Waiata oriori (lullabies) were sung to the babies to reinforce the purpose and the spiritual nature of the child’s life. They are beautiful poems, and were composed to build up and mould the child as a useful member of the whanau and hapu, that is, they were a socialising tool. They linked the child to the gods as their spiritual helpers. The child’s grandparents or parents usually composed an oriori for the baby. It was sung repeatedly so that all listeners learned it and all knew the whakapapa and qualities of the child and thus, the special treatment they required. They were a poetic and repetitive way to fix personal, whanau and cultural messages in the minds of the listeners.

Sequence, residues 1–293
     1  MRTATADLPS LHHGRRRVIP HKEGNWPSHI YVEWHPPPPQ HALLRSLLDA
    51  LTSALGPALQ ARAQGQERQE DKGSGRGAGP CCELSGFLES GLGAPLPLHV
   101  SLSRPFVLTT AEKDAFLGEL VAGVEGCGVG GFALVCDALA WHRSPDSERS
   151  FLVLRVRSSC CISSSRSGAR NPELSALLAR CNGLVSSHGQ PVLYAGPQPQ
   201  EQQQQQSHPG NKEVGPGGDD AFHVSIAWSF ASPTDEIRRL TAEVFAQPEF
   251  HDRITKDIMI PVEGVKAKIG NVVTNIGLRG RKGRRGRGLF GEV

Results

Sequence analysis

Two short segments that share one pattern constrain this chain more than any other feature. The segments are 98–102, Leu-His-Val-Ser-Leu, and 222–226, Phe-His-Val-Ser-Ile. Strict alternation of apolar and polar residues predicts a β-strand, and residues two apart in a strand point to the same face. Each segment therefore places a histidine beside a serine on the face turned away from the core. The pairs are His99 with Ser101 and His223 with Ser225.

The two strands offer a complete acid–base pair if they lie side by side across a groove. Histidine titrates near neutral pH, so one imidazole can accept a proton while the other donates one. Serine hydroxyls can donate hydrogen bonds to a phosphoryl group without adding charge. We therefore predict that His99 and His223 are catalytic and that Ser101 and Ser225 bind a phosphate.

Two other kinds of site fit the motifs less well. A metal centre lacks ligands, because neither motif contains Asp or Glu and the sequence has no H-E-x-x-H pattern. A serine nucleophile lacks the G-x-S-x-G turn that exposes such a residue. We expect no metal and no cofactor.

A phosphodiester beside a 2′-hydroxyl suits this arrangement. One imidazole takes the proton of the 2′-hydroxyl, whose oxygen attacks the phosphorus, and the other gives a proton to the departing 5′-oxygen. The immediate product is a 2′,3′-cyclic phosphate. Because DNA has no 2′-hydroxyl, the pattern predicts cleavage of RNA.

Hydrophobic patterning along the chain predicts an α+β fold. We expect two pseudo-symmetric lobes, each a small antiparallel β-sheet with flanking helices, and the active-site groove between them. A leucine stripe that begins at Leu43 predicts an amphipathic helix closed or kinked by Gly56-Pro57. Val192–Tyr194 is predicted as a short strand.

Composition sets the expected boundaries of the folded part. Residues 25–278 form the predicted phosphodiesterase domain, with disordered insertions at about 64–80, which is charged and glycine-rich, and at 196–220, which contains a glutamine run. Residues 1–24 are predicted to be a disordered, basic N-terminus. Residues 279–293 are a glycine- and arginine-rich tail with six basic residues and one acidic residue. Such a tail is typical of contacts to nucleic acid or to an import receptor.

Some of the lullabies were centred on utu; some instructed in history and geography; and some were to identify other inherited taonga of the child41. What follows is a summary of a selection of six oriori as recorded by Apirana Ngata in Nga Moteatea and Elsdon Best in Te Whare Kohanga and its Lore.